Continental has been contributing to innovative agricultural technology for 150 years, making processes more productive, sustainable, hygienic and safer. “Our company’s cross-industry expertise represents an excellent foundation for flexibly and rapidly developing new and tailor-made ideas. Continental has and will continue to play a pioneering role in the modernization of agriculture, also as an experienced and reliable partner in the transformation toward Farm 2030,” says Mario Branco, who is in charge of the Business Development for Off-Highway Applications business unit at Continental. “It all began with motorization and today extends to digitalization and automation, which is associated with a substantial increase in productivity and crop yields.”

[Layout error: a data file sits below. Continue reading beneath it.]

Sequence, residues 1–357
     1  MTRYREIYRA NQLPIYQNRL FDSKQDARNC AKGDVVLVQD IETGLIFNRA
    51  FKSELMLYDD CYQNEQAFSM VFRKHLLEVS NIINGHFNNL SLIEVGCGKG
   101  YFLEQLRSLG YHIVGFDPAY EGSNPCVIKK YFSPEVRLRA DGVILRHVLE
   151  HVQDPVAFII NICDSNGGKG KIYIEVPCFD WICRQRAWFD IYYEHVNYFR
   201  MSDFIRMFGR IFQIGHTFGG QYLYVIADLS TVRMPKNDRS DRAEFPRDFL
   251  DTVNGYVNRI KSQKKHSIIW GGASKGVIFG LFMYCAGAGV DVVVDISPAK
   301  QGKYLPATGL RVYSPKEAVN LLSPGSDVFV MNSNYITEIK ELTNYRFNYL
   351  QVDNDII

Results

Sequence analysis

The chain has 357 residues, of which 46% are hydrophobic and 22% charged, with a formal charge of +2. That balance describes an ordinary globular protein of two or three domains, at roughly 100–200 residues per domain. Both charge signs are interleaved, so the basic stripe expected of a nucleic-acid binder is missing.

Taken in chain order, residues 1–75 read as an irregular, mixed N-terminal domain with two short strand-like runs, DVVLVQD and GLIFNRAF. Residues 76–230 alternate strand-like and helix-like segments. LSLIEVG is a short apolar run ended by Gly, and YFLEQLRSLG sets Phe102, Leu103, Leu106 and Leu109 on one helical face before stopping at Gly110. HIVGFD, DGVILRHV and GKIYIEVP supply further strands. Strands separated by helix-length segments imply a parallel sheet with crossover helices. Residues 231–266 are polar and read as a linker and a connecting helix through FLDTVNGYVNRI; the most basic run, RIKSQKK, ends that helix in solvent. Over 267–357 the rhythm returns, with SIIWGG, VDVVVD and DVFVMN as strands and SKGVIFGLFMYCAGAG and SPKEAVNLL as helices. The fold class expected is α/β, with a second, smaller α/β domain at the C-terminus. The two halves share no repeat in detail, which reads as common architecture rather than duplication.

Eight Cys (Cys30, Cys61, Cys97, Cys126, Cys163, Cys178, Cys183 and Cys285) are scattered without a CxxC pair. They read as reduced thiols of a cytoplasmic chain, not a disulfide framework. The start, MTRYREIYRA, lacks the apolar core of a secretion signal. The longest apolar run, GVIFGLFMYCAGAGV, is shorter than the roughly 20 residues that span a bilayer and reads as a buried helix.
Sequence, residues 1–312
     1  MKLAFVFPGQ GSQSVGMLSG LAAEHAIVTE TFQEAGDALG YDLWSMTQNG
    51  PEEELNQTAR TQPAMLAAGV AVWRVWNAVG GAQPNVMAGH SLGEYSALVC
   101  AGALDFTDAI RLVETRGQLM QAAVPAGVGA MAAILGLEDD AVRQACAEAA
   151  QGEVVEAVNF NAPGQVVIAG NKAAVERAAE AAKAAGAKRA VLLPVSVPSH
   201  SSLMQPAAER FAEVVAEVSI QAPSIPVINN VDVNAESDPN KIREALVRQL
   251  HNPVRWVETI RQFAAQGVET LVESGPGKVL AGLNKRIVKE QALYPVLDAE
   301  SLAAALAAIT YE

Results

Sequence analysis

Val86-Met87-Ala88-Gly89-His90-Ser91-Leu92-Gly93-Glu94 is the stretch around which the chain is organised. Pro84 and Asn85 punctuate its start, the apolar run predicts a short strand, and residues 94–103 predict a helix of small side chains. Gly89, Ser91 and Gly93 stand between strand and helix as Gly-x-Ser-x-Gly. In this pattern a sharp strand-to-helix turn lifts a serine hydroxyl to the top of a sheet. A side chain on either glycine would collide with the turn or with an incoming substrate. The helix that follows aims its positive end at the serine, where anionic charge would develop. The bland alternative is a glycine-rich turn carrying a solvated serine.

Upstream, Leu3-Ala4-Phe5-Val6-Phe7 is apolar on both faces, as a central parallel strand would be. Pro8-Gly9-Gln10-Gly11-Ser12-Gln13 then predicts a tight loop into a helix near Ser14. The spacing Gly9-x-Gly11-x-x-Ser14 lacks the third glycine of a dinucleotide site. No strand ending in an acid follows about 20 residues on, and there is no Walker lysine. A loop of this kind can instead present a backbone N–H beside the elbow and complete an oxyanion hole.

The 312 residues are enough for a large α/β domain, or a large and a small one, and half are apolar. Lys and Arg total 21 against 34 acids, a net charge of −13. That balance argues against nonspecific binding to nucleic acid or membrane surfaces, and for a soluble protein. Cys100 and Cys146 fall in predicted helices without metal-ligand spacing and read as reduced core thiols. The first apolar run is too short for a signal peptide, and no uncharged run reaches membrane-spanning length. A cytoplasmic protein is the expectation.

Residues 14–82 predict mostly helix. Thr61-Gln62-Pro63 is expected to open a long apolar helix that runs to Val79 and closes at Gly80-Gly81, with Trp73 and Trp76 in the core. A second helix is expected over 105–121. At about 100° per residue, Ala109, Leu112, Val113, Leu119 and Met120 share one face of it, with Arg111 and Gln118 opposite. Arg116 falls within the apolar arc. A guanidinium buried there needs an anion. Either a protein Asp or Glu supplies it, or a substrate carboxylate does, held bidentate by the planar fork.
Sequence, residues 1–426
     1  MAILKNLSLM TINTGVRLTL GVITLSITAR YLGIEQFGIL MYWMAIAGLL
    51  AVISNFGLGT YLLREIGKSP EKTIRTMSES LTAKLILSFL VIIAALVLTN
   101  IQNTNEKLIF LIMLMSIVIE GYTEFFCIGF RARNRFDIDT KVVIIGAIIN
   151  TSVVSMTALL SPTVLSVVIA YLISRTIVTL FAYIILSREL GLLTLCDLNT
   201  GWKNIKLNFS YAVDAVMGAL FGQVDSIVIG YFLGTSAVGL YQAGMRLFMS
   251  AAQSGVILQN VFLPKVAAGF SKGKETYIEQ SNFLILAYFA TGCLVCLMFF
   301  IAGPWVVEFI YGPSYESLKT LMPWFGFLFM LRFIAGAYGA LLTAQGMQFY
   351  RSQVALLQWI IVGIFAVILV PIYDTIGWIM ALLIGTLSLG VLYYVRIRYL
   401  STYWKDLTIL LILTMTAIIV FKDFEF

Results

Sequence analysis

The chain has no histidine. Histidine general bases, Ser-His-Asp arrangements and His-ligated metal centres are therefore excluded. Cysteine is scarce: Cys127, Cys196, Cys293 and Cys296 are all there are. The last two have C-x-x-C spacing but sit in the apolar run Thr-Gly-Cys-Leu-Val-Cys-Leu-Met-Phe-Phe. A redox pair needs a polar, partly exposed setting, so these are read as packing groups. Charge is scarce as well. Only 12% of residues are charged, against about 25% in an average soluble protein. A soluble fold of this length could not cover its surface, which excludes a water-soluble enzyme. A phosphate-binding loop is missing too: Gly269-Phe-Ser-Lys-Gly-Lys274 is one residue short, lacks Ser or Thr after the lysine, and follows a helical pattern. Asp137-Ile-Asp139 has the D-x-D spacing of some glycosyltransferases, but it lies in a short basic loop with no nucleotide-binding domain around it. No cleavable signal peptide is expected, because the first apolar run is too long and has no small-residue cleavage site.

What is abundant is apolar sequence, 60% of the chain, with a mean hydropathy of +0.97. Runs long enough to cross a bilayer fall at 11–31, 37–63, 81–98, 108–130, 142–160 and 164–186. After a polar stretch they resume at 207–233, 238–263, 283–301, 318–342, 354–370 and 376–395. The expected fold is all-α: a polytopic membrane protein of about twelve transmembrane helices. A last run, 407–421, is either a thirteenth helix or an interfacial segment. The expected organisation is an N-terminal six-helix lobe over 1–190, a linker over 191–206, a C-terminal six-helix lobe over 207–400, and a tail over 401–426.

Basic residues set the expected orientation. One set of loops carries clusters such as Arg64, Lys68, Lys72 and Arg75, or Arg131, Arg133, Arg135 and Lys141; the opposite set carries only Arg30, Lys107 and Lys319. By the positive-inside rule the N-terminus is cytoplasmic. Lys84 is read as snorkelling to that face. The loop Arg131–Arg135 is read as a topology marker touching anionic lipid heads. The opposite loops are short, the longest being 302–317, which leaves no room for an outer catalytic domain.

But let us first turn back to 1871, back to the roots. At the time, rubber was a material of the future, which the Continental engineers quickly mastered and with which they developed ever more sophisticated solutions. After beginning with raincoats, hot water bottles or bicycle and horse carriage tires, the applications became increasingly complex, including surgical and technical items. Soon, rubber products for agriculture were also added to the portfolio. Hoof buffers for improving the mobility of horses and for preventing them from slipping on ice were produced from 1875 onward. In all probability, this was the product that brought the horse into the Continental logo. The buffers were followed by knee guards for field workers and finally milk can rings, which enabled the airtight sealing of milk cans for the first time. This meant that milk could be stored longer without going bad – an important contribution to food hygiene.